A couple of days ago, I wrote the following as part of a post on the increasingly nasty fight for the GOP nomination. It's a point we've been making for a while, but recent events have made it more important.
DeSantis, on the other hand, has a personal hold on almost no one. His support comes all but entirely from the combination of far-right positions, perceived viability, and a protected spot in the political hothouse, and the last two of those are quite fragile. When the fighting began in earnest, it was obvious he was going to lose that right-out-of-the-box shine quickly.
Janan Ganesh writing for the Financial Times hit on a similar idea and delved much deeper into the implications
There was always one benign feature of the Trump personality cult. Because millions of voters are unconditionally faithful to the 45th president, he doesn’t need to say or do anything in particular. His flock is there if he builds a wall against Mexico, and there if he doesn’t. It is there when he flatters the dictator of North Korea, and there when he threatens to crush him. It is there as he promises an infrastructure splurge, and there as his successor Joe Biden does much more to bring one about. It is even there when he recommends vaccines against Covid-19.
Trump doesn’t live or die by his policies. That is the point of a personality cult. He has no incentive to become ever more extreme (though also no incentive not to). I suspect he could turn into a pro-trade liberal and China dove and keep the greater share of his following.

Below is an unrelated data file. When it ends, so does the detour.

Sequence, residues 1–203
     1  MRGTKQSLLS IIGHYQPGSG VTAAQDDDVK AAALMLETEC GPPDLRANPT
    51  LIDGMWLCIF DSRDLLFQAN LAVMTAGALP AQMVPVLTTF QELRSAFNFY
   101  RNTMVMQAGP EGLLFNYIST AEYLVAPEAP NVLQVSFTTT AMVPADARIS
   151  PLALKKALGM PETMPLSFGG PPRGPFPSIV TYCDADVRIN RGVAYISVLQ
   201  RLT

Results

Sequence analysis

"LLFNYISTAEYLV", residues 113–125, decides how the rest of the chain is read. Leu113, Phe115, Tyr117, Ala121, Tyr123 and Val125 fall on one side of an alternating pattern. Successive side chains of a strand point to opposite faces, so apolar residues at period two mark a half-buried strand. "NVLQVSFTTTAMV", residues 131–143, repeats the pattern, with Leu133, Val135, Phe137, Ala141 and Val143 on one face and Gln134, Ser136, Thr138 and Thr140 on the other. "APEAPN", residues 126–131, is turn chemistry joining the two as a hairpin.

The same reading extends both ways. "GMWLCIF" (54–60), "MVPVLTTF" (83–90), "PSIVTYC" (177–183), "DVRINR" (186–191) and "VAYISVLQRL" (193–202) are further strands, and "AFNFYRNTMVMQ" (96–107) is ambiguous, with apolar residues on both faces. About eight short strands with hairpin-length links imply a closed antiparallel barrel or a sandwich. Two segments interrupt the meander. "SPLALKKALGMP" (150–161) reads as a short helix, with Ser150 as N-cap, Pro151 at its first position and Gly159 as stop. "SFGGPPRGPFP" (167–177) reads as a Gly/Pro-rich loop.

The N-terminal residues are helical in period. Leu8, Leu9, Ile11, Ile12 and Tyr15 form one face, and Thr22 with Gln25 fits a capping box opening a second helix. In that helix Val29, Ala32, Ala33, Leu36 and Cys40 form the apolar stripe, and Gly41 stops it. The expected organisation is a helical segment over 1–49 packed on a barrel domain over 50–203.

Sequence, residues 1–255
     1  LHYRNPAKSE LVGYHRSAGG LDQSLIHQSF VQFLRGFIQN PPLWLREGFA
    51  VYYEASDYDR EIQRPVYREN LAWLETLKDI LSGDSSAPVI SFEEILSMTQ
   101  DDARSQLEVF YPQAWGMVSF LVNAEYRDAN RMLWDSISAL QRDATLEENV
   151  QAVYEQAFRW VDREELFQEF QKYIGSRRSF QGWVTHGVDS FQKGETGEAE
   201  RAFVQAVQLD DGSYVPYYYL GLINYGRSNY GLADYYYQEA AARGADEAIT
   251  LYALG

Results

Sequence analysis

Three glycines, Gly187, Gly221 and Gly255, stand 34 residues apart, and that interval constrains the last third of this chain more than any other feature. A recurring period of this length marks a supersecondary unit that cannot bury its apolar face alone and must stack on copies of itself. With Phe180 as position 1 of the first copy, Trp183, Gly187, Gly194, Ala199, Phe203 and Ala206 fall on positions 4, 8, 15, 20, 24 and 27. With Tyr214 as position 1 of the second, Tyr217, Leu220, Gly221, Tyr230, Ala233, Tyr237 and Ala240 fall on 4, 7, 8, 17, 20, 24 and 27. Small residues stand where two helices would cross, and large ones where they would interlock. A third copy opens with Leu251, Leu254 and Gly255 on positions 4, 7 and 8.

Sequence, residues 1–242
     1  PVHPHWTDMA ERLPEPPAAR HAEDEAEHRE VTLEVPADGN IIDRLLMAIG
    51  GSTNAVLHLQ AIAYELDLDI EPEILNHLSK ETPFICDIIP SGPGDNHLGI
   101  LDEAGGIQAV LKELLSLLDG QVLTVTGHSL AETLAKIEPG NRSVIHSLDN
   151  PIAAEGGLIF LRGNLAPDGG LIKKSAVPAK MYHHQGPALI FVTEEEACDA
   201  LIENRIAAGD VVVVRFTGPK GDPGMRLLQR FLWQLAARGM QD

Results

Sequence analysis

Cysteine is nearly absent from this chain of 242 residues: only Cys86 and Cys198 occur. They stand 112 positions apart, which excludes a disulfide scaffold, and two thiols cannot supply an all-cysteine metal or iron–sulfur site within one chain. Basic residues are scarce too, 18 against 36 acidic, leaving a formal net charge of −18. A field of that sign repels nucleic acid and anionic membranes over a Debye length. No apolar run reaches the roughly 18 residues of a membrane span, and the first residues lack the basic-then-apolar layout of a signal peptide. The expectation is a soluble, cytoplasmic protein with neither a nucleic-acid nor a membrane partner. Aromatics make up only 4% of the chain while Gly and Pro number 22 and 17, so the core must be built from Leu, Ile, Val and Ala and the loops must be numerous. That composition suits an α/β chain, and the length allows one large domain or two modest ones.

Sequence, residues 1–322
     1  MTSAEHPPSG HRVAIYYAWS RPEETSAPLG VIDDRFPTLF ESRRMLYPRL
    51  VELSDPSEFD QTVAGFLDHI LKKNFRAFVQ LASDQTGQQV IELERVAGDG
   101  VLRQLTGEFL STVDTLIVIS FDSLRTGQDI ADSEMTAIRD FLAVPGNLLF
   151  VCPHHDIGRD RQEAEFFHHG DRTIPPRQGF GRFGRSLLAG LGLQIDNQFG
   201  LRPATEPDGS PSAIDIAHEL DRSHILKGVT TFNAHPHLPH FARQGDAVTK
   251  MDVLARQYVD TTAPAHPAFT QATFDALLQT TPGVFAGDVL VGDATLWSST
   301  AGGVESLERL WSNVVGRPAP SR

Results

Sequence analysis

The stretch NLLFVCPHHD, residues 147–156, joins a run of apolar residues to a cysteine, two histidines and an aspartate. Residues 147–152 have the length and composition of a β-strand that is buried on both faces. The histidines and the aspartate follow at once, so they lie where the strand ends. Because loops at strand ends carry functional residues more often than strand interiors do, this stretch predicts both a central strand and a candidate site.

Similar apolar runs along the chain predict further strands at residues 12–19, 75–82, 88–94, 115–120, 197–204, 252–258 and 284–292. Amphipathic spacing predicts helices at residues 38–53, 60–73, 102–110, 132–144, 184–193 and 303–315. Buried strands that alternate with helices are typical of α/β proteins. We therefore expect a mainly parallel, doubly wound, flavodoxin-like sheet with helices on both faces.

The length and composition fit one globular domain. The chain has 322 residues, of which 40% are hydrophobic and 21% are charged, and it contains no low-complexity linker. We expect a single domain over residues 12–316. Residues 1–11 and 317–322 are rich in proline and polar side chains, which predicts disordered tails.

DeSantis has no such license. What makes him so deceptively risky is that he must keep earning and retaining the trust of populist voters through his actions. His conventional Ivy League résumé, his photo-op with Biden during Hurricane Ian, even his personal stiffness: moderate Republicans hope that these are the marks of a pliable company man.
But these are also liabilities that he will have to counteract in a primary contest. So, expect more gestures in the vein of his Ukraine statement, or his call for a grand jury to look into vaccines, or his rolling war on woke. No US politician in recent years has been more resourceful in finding causes to fight. That owes something to imagination. It owes even more to insecurity about his place in his party.
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